Opera singer that Renee Fleming is, we knew in advance that she’d have no trouble with “You’ll Never Walk Alone,” and indeed, she makes it a sweet silver song. However, would she have the requisite amount of fun in her to start “June Is Bustin’ out All Over”? No problem: Nettie has always been an earth mother, and Fleming seemingly hails from the part of the earth that’s closest to the sun. She acts well, too, especially in Act Two where she can see that, to cite an earlier Hammerstein lyric, “mis’ry’s comin’ around.’”
A true revelation is Margaret Colin as Mrs. Mullins. In the opening scene as soon as she spies Julie at the carousel, she fears that she lose Billy to her. At times proud with him, at times needy and at others downright desperate, this Mrs. Mullins is a full-bodied character and not the glorified walk-on that some actresses settle for.
Billy and Julie’s daughter Louise is said to be 15; Brittany Pollock could pass for twice that. Peck makes an error with her: The Starkeeper establishes that Louise is miserable, and seconds later when we meet her, she’s dancing freely as if she doesn’t have a care in the world. Judged on dancing alone, however, Pollock – a New York City Ballet soloist – makes good (no, better — no, best) on her reputation.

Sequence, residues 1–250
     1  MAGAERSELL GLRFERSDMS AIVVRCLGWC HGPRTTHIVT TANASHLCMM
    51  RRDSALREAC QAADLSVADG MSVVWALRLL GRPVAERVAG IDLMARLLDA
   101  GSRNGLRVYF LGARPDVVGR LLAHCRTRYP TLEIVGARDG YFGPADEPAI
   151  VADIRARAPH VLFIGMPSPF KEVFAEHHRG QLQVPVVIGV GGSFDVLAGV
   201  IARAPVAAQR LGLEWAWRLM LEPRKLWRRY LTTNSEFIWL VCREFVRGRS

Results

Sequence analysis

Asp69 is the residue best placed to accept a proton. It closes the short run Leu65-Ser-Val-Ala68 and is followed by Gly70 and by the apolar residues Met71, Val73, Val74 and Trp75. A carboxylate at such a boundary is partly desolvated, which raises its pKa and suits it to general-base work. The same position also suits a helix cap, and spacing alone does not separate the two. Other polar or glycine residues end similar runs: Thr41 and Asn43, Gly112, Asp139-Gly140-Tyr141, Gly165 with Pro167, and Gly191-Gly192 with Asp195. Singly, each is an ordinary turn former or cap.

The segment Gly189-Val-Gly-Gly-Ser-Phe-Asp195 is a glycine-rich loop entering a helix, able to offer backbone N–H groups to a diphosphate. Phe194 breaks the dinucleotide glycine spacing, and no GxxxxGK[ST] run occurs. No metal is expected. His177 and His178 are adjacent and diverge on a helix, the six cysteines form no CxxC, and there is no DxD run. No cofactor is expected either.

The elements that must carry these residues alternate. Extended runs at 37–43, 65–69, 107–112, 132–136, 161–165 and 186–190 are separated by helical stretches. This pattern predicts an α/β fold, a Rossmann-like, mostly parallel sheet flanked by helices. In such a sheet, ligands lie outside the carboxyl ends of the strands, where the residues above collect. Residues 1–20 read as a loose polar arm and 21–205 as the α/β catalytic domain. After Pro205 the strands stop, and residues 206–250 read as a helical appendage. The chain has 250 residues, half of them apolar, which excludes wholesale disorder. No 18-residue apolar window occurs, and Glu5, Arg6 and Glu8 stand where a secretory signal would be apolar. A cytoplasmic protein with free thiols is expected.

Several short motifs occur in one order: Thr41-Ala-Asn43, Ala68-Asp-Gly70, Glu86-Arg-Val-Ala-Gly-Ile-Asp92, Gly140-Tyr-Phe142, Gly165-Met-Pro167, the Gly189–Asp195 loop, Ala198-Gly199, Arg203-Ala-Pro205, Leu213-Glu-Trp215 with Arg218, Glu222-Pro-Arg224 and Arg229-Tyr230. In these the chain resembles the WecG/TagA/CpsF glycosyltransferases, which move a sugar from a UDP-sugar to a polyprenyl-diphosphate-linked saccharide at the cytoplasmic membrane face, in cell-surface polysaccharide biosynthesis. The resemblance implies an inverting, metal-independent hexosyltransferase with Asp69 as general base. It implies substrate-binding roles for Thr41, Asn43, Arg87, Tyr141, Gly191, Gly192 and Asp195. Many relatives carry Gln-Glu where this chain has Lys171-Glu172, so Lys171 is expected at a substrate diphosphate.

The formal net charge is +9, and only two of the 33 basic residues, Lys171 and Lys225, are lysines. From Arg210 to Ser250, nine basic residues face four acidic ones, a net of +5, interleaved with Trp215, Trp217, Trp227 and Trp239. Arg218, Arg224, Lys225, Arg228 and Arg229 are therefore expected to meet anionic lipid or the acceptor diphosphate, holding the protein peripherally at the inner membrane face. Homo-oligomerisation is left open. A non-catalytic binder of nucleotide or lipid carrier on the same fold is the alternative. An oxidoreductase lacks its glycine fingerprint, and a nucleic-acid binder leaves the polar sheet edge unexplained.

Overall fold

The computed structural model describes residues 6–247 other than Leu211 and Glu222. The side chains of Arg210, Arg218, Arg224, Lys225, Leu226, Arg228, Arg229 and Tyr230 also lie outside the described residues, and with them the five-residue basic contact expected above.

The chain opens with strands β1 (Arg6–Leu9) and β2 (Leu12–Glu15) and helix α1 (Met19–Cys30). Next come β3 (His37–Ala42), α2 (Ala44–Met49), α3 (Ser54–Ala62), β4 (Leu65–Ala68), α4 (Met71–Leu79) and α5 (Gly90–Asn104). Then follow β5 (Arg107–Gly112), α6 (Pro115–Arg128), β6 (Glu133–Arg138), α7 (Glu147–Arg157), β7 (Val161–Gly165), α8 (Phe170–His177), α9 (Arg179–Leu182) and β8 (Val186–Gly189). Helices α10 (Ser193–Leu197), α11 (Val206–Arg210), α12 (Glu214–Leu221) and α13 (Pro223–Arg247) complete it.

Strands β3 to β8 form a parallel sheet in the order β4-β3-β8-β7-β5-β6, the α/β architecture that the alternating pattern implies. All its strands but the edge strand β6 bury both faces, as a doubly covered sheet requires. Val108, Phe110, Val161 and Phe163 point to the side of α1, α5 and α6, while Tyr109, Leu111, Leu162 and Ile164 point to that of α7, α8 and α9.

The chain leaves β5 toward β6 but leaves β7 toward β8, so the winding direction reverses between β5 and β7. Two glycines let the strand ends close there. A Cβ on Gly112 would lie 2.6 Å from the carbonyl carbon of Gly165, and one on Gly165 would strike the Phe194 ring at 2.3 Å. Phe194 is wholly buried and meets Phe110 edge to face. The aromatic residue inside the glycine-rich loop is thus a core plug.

There may be no finer actor in New York who has less to do right now than John Douglas Thompson. He has the modest role of The Starkeeper, and perhaps to give him more stage time, he shows up from time to time to watch Billy’s progress – or, to be far more accurate, lack of it. Hell, many an actor can use a Broadway salary, and while Thompson’s fans will want more, they should take what they can get.
Marvelous moments abound. When Carrie tells Julie too many negative perceptions about Billy – and realizes she’s crossed the line — Julie senses her pain and says “You’re right, Carrie” although she doesn’t quite agree. That she knows Carrie means well is more important to her, and she doesn’t want her best friend to feel bad.
One of Carrie’s complaints is that Billy once hit Julie. CAROUSEL has been increasingly criticized over the years, especially for the rationalization that a person can hit another and the recipient won’t feel any hurt. Those lines have been cut, and few if any will complain. Because Henry makes Billy greatly agonize that he resorted to attacking his wife, this CAROUSEL emerges as a cautionary tale: physical violence should be avoided at all costs, for the perpetrator will suffer in anguish and will wish that he’d discuussed the problem instead.
The old ad campaign slogan that promises “You’ll laugh; you’ll cry”? It’s still true of CAROUSEL, although, as always, more tears than guffaws emerge. Of Rodgers and Hammerstein’s “Big Five” – THE SOUND OF MUSIC, THE KING AND I, SOUTH PACIFIC and OKLAHOMA! are of course the others – CAROUSEL is the one that’s forever been considered the masterpiece and yet it ran shorter in its original run than any of the others. Even that exemplary rave-receiving 1994 revival couldn’t make it to a year. So get to this one while you can.